I'm not sure what 'conclusive' science you would like to show you that warming might be a net negative for human beings. As temperatures rise, sea levels might also rise. Okay, maybe that's not a big deal - sea level rises are hard to predict accurately, and are very long term. But here's a taste of some of the rest of it. Water: rainfall patterns are shifting, in some areas quite dramatically (talk to Australia sometime). This means areas that have been the 'breadbaskets' of the world are no longer necessarily going to be able to rely on rainfall to grow crops. Drinking water resevoirs are in places that also can predict their rainfall - when that stops, drinking water supplies to major metropolitan areas decline. Weeds and Disease: These are together because they're much the same - shifting climates mean expansions of species such as poison ivy, ragweed, mosquitos. More serious agricultural pests as well. Mosquitos are already on the move in many places, warming allows them to expand upwards, for instance. If you've ever been in a malarial area, you'll know the cities and towns are often in the hills, away from the mosquitos - no more. West Nile and NYC anyone? And for the rest, well - some understanding of ecology would probably help. Humans are actually still part of the environment, no matter how urban and electronic your life might be. Changes to the flora and fauna outside of our cities will affect us as well. And then there's the ethical arguments - is it okay for us to drive even more of the world's species to extinction?

Finally, we can show on any scale you like (geological history, recorded history) that CO2 (the major anthropogenic greenouse gas, although methane and water vapour are also important) is linked to changes in temperature. We can even measure about how much CO2 has been around at various times, including post-industrial revolution vs. geological history. And guess what? every time there's a ton of it around, the earth gets warmer. That's simple enough for everyone to understand. Fact 2: we've put a whole lot of CO2 out there - and yes it is significant. Whaddya think is going to happen? can you add two and two? And what the hell is the problem with cutting down on what we're putting out there? I really don't get why this is so hard to do. Change technologies - we do it all the time. Government incentives rather than regulation, if you're really that concerned about it (and America always seems to be - but the rest of the world gets along just fine without this attitude). We could actually end up growing the economy quite significantly! let's have some foward thinking and innovation! isnt that what this country is supposed to be great for? let's go!!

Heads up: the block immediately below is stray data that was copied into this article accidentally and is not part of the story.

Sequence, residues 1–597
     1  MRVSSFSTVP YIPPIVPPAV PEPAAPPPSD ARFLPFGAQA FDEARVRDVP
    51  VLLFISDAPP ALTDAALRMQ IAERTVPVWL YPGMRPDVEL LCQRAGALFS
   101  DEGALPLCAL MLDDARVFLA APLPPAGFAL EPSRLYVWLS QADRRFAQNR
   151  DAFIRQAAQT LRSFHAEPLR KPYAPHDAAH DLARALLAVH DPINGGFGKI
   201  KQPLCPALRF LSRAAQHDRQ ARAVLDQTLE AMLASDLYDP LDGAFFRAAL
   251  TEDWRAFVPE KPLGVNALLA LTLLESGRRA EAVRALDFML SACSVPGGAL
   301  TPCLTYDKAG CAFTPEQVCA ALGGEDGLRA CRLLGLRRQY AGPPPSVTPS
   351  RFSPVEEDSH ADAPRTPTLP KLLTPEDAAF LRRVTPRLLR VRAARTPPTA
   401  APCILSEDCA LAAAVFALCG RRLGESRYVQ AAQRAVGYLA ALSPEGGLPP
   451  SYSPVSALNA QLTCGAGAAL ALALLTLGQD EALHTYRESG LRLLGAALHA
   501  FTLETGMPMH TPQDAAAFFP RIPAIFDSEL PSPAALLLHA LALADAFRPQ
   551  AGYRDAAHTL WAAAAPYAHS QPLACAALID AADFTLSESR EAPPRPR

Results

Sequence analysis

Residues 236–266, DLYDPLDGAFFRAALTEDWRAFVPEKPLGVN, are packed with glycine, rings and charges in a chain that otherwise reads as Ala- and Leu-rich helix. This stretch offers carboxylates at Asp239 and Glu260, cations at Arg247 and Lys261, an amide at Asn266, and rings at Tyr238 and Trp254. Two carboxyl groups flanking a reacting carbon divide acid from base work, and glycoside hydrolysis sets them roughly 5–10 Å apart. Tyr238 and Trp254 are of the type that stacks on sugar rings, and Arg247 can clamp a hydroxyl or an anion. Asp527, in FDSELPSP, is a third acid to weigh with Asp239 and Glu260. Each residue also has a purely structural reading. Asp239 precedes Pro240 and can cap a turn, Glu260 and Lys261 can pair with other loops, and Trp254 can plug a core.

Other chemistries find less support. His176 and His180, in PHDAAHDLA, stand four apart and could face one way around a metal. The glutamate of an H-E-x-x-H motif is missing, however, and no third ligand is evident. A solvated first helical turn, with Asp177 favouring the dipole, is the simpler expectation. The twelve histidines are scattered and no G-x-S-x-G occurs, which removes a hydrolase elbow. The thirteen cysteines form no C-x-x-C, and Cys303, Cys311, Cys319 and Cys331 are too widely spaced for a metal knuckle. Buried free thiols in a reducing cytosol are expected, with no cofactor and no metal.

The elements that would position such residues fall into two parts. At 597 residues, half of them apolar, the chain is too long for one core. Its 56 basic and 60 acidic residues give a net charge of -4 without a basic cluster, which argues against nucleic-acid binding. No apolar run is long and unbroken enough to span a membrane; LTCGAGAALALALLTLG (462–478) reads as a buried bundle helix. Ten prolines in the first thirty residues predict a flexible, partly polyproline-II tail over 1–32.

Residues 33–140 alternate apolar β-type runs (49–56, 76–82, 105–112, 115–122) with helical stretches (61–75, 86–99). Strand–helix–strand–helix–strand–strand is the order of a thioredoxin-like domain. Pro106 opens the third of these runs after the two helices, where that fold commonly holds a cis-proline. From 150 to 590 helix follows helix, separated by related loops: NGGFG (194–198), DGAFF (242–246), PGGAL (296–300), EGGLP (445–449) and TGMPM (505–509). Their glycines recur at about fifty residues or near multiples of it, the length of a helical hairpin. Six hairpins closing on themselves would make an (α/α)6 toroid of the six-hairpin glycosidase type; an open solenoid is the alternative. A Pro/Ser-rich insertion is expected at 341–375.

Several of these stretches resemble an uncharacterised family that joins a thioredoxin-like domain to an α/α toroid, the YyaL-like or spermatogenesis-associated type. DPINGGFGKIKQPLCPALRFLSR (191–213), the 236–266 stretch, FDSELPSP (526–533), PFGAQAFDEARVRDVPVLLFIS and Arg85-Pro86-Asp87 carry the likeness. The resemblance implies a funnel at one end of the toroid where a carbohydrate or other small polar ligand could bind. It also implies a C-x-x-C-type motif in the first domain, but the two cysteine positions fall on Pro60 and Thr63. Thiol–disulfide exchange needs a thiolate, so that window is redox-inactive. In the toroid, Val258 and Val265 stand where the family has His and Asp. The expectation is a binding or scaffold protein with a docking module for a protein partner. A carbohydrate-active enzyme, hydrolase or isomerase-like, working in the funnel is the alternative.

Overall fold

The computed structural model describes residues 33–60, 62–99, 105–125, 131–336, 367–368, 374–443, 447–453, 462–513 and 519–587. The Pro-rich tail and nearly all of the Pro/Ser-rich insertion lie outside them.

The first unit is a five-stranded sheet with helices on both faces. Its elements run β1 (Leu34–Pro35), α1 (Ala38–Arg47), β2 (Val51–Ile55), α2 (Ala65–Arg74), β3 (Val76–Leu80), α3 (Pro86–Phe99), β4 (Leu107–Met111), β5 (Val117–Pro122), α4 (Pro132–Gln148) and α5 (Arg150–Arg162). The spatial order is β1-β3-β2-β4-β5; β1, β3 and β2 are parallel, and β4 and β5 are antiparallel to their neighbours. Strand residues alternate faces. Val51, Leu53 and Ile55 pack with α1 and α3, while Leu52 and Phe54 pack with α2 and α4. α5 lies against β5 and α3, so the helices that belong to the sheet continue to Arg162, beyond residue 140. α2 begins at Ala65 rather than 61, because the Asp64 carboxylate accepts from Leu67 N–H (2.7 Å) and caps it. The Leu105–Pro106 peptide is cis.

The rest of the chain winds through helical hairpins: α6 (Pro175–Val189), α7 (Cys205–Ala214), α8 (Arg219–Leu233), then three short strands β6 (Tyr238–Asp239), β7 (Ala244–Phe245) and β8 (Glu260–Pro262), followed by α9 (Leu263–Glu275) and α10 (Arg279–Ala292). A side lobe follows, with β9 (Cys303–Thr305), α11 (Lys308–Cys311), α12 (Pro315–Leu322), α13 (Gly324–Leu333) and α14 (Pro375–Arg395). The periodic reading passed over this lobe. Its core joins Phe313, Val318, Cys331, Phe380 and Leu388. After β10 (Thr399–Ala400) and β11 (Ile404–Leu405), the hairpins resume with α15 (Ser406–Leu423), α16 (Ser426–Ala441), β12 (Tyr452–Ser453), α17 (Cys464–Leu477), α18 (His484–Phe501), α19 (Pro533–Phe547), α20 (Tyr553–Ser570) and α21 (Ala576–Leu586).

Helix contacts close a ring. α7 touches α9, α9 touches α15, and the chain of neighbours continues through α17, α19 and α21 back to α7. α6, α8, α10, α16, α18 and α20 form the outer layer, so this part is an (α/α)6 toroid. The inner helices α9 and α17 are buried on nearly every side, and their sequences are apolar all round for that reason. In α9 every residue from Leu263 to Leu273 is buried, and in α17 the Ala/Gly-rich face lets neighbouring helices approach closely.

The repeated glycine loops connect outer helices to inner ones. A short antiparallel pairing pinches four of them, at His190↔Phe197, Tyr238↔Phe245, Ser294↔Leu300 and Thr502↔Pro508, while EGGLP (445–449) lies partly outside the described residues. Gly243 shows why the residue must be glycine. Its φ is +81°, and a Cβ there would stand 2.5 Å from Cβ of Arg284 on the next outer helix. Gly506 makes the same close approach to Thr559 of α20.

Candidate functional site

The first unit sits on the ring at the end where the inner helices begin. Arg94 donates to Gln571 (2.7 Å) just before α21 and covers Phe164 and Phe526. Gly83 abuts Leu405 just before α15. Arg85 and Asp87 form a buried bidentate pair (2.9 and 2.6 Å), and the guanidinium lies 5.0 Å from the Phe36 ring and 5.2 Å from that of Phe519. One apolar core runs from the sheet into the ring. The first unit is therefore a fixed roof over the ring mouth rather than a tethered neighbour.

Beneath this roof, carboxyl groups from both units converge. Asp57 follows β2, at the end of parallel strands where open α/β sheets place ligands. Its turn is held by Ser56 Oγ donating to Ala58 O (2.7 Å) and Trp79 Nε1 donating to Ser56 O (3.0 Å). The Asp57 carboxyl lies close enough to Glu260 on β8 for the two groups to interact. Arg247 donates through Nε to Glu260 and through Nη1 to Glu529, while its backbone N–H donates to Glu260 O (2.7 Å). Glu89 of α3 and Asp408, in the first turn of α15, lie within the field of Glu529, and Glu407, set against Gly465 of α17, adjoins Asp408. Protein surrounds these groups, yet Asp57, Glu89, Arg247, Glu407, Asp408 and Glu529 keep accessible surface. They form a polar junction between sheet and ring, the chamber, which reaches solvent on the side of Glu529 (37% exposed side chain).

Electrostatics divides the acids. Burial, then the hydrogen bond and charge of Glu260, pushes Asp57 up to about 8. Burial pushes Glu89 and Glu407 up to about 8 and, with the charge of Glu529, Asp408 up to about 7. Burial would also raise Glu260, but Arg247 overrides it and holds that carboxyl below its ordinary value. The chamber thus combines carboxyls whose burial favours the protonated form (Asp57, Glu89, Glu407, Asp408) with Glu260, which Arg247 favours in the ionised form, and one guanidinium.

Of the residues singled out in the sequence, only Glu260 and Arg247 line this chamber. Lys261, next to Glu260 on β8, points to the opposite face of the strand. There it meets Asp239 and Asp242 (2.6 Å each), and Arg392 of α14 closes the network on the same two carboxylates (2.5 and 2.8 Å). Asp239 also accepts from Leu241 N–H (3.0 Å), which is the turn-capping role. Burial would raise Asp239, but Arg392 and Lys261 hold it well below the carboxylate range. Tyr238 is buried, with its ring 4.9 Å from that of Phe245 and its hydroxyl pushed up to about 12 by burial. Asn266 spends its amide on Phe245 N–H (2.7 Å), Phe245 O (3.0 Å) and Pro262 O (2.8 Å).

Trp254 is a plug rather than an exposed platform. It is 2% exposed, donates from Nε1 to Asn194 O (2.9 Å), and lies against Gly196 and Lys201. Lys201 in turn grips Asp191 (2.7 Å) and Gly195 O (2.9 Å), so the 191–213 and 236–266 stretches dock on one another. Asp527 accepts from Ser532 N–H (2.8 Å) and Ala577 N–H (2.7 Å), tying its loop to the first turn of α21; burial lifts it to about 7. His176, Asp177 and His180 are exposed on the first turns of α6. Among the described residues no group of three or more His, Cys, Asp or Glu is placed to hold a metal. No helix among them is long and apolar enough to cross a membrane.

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So, before I would implement any public policy solutions based on athropogenic global warming theory (-ies), I'd conduct a study designed to identify which of models upon which catastrophic predictions are based can reproduce accurate forecasts, not 100 years from now, but 2 years, 5 years, 10 years from now. And I'd have such a study funded anonymously to keep the findings as impartial as possible. I'd say this would be a good start.

You've got to be effing kidding me. 5 years? 2 years? That's absolutely impossible and sheer nonsense but see given reference for accurate predictions over a 20 year time span. That's pretty damn close to your demand. We're doing this science. We've been doing it for 30 years. Just because now is the moment that its good enough to take to the politicians and say okay, now ACT doesn't mean that we haven't effing thought about this. To turn around and say 'oh but its not good enough because you didn't predict that on Jan 12, 2007 the temperature would be 35 degrees' is the most insane s___ I've heard in a while (and I routinely deal with creationists). I also take umbrage at this implied notion that scientists simply give the answers their funding agencies want. Firstly, there are many and varied sources of funding, secondly the ONLY situations in which any of that has been shown to be going on is where agencies such as NASA are gagging their own climate scientists at the behest of this current administration. In fact, they've done it again just recently - now no one on their payroll is allowed to mention polar bears ffs.

1. Hansen, J., Sato, M., Ruedy, R. Lo, K. Lea, D.W. and Medina-Elizade, M. 2006. Global Temperature Change. Proceedings of the National Academies of Science, USA 103(39) p. 14288 - 14293

Offline Harlan

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Re: Global warming, I need an answer
« Reply #14 on: March 13, 2007, 02:36:32 PM »
Melee knocked it out of the park. I would just add one thing. Of course there's uncertainly about this. But the worst-case scenarios are so bad, in terms of crop changes, disease, refugees, etc., that even a small chance of it happening is unacceptably risky. Better to spend a little money now to be fairly confident that the worst-case scenario doesn't happen then to risk that worst-case. That money is like insurance.

car wreck : car insurance :: climate wreck : climate insurance